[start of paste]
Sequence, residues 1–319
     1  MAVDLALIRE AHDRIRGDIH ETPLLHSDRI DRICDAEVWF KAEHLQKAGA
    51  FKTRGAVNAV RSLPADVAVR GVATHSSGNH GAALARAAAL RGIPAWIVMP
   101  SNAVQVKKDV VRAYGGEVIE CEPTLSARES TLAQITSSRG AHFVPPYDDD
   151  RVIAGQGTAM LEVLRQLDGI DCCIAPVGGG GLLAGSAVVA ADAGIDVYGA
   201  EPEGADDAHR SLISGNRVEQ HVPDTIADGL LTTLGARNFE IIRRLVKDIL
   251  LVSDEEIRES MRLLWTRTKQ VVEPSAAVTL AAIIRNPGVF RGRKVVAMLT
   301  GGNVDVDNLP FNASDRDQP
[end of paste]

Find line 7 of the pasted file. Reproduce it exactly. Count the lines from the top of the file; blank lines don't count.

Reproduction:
   251  LVSDEEIRES MRLLWTRTKQ VVEPSAAVTL AAIIRNPGVF RGRKVVAMLT